Then drains and rinses as usual.
That first stage activates enzymes and bleach in the detergent.
Everything gets dissolved into the tiny amount of water in the load.
The second stage dilutes the dissolved dirt and water out of the load so it can be drained away.
The result: My example load washed just as clean and rinsed just as well as in a normal washer, but yet didn't use more than 600Wh (and 76l of water total for 4 rinses plus wash).
To take Mieles data on that:
For a machine of the same generation and the same max load, usage data is as follows comparing conventional vs. PowerWash 2.0:
For a half load on the 40C Eco cycle, both use 39l of water, yet one uses 530Wh, the PW2.0 only uses 340Wh.
On an full load of Cottons at 60C, both machines use 1350Wh.
On a partial load, the conventional system uses 1150Wh, the PowerWash2.0 uses only 1000Wh.
On some other cycles (for example, a normal half load on Cottons 40C), there is no labeled difference.
Yet on Automatic Plus, for a 6kg load at 40C (which will run the PW2.0 course, so that seems to be about the upper level), the difference is 800Wh vs 600Wh, so 25% savings, while takeing the same time, giving the same results and using the exact same amount of water.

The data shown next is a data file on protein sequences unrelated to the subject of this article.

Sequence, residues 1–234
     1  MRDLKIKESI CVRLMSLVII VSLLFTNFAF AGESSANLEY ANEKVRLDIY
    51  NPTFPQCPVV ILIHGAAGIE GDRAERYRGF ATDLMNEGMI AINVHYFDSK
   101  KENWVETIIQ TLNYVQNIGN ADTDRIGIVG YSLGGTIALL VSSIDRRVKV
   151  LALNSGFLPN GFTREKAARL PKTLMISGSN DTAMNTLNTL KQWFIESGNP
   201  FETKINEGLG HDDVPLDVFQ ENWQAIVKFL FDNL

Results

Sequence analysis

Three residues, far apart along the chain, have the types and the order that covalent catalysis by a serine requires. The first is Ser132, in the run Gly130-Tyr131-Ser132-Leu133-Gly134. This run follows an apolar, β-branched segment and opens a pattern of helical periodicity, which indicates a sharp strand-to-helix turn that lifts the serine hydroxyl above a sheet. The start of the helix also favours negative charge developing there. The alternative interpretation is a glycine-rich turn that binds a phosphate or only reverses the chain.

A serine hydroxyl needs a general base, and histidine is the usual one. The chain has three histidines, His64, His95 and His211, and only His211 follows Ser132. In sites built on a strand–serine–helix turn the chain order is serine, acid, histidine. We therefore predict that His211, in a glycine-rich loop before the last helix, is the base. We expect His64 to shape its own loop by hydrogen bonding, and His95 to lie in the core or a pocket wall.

This post was last edited 10/24/2019 at 09:26
|Post# 1048636 , Reply# 26   10/24/2019 at 09:24 by henene4 (Germany)  || |
This machine uses both, a water level sensor and a water flow meter.
Some dishwashers abandoned water level sensors per se and just use volumetric flow meters in conjunction with a sensor pump (electronic control meters pump data to know whether it cavitates or not).
You generally find flow meters on midlevel and up machines.
On washers, flow meters allow more specific load sensing as you know the absolute amount of water in the system, not just the displacement which would include the volume of laundry submerged in the water.
Further it allows such neat tricks like explained above.
In combination with weight based sensing (for example by monitoring motor data) it allows for super exact rinsing in theory.
Only time I've ever seen that was on Panasonics last generation of washers sold over here on their Automatic cycles.